Take extra care during festivals and evening entertainment. Also, beware of hanging your jacket over a chair in restaurants and cafes. Don’t make your stuff easy to grab. Keeping everything close and in your eyeline is your best bet.
Every culture has its customs and traditions, they have been handed down the generations and are always held in high regards by the local residents.
Nochevieja Universitaria (University’s New Years Eve)
Held on the Thursday of the last week of school in December and two weeks before the real New Year’s Eve, this celebration allows students to party with their friends before they go home for the winter. This huge event is famous throughout Europe. Free musical performances are put on in the Plaza Mayor as people congregate and drink whilst preparing for the midnight countdown. Don’t forget your twelve grapes- it is Spanish tradition to eat twelve grapes to bring prosperity for the next twelve months.
Semana Santa de Salamanca (Holy Week)
Celebrated in the week leading up to Easter, Salamanca is renowned for the solemn and sober processions celebrating the Passion of Christ. The parades consist of a guiding cross, penitents, acolytes, pasos and a marching band. Pasos are a wooden sculpture, or group of sculptures, that narrates a scene from the Passion of Christ. They are carried through the streets by porters and some were created by famous artists.
Annual events allow a city come together for some amazing experiences. If visiting at this time, make sure you have your accommodation booked and are always aware of your surroundings when travelling around.
Travel just thirty minutes to Ciudad Rodrigo, a quiet medieval city, for the annual Carnaval del Toro. This festival, features a week full of parades, carnival groups, music, and all-night parties in the streets. It is the most famous carnival in the province! This is also the oldest festival of its kind in Spain as it dates back to the years of the Catholic Monarchs. Make sure you are prepared for the main event as, due to the central figure being the bull, you should expect bull fights and even “encierros”- the crazed running of the bulls.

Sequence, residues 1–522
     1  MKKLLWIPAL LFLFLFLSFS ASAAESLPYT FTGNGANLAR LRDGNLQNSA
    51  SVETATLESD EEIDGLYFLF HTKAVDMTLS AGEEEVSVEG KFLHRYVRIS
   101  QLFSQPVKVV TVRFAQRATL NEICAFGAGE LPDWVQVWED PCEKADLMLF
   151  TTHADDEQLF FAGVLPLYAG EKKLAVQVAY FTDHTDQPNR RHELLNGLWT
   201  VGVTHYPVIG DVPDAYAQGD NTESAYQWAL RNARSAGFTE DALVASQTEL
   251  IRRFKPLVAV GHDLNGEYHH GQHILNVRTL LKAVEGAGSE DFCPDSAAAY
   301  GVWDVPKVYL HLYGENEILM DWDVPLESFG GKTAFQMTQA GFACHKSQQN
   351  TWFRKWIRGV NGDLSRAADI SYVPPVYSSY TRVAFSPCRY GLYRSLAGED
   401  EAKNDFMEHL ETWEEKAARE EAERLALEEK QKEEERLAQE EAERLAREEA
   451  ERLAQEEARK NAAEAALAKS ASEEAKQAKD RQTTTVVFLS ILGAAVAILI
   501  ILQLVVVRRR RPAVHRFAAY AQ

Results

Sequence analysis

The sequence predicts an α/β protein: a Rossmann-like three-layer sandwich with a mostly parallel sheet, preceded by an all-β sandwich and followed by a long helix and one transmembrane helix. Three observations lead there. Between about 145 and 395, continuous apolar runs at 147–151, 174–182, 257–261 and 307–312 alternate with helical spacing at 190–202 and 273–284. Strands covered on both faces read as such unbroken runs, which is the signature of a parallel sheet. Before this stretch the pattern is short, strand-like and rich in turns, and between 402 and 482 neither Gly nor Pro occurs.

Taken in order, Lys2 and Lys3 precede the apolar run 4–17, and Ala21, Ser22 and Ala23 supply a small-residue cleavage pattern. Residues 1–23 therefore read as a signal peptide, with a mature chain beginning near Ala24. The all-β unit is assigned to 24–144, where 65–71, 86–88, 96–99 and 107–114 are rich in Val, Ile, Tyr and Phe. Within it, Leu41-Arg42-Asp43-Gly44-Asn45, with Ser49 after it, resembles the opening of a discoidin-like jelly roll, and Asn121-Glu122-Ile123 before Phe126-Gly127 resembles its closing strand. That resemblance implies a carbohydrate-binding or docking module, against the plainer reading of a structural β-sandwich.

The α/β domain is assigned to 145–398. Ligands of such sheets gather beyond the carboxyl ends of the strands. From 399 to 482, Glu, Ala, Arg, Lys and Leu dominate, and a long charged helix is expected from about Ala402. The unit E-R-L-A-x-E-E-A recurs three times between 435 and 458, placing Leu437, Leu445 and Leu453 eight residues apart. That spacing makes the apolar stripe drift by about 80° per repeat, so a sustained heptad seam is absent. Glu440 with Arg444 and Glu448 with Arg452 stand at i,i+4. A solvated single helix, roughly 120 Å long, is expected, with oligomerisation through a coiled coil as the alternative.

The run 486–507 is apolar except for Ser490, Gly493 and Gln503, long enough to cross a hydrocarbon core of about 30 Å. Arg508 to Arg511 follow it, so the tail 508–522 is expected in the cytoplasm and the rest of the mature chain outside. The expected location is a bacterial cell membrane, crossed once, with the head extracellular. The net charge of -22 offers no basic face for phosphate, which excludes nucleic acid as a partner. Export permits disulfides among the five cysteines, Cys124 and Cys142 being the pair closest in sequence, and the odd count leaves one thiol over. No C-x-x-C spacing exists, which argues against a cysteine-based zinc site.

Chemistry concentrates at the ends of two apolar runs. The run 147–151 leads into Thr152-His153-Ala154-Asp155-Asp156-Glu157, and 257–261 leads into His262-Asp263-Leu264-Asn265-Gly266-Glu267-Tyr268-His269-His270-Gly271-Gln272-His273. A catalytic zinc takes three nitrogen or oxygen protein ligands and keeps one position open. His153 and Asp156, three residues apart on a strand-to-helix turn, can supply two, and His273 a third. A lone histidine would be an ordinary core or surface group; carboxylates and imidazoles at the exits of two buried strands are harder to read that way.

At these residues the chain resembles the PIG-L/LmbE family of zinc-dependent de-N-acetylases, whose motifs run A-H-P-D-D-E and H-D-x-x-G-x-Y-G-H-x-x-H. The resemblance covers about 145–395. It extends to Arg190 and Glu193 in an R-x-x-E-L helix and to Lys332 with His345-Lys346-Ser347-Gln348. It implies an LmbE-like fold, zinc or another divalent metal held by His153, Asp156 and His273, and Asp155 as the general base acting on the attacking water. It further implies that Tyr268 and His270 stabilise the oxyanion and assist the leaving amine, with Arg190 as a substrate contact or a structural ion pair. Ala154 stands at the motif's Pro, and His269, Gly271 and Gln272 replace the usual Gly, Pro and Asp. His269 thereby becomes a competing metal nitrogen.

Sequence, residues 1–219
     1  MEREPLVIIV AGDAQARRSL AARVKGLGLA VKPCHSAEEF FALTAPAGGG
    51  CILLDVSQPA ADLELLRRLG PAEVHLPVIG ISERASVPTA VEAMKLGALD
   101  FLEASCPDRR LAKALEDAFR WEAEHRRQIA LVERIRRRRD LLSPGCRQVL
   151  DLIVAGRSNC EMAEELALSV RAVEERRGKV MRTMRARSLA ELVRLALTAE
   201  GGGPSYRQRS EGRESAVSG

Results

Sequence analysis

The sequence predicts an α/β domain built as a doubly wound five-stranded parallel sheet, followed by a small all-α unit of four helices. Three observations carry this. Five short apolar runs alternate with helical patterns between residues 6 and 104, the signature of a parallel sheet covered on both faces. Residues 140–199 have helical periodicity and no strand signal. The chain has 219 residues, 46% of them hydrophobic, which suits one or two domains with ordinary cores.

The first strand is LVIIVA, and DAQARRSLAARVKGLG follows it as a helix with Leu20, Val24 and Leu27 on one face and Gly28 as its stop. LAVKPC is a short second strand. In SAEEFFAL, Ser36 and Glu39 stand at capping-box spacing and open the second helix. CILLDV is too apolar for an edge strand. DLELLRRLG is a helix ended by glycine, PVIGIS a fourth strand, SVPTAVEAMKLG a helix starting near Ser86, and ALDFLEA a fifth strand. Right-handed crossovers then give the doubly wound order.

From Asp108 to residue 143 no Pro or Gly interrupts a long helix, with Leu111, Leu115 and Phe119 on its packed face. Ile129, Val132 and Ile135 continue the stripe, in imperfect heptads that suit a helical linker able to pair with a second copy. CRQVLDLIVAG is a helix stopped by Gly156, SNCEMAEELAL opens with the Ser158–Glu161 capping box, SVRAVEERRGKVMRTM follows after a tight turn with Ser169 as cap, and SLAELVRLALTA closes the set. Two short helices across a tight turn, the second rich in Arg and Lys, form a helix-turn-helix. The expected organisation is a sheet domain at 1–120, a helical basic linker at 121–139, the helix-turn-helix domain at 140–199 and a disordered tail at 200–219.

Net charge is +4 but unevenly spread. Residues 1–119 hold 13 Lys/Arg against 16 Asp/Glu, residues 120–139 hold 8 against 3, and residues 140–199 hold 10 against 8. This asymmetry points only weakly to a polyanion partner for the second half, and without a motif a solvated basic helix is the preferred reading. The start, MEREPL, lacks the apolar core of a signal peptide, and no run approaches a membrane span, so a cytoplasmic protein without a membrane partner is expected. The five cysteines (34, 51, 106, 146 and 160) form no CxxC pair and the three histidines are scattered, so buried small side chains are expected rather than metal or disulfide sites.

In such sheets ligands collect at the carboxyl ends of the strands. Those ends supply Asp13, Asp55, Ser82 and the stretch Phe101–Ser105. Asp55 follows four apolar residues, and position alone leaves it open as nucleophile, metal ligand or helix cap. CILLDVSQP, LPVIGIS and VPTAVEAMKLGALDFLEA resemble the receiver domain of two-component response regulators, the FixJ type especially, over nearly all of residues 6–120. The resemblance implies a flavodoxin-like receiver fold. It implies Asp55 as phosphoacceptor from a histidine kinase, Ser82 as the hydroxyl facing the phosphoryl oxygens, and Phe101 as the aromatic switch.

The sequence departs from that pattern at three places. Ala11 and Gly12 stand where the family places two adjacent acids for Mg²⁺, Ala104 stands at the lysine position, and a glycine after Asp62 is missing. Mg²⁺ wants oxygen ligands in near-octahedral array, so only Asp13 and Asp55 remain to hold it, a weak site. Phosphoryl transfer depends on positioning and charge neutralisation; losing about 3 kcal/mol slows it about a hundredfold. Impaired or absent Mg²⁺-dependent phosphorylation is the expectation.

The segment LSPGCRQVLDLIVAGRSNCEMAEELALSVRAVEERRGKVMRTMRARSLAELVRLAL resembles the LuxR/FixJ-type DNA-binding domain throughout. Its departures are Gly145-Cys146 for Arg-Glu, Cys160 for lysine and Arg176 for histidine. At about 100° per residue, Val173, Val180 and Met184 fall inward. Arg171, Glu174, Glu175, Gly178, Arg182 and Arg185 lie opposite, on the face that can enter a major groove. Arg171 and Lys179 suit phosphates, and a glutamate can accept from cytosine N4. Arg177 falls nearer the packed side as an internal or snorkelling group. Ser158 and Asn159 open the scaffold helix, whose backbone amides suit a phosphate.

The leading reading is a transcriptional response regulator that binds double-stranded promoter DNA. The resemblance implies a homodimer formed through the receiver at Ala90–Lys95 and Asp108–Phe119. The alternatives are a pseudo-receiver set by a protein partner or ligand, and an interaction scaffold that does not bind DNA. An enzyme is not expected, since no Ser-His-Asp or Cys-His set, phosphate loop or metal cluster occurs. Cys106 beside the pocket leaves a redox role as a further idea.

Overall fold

Festival Internacional de las Artes de Castilla y León
This festival celebrates the culture and art of the Castilla and León region by creating a space for local artists to showcase their talents. This is a multidisciplinary festival covering cinema, dance, theatre, children’s theatre, concerts, graffiti, many genres of music, multi-media performances, and more. Performances pop up all over the city during this time be they in concert halls and other venues or simply in the street for anyone to see. The city comes alive and there is something for everyone!
In celebration of one of the cities patron saints, Virgen de la Vega (Our Lady of the Valley), the week begins with a floral offering ceremony to her statue followed by a procession. Now that the formal religious part is done, the city residents have a week of revelry to look forward to. Day and night, the city’s open squares become stages for various traditional and modern concerts and events. The Plaza Mayor is home to around the clock gigs and performances throughout this time- in this festival, it is the ‘main stage’. There is still more to see and do as there are food and drink (especially wine) stalls all over the city selling different specialties from Spain’s widely diverse regions. You can also find costumed artisans selling local goods or attend bullfights later in the day. You are spoiled for choice for Spanish culture and tradition.
What are the main attractions?
The Salamanca University Quarter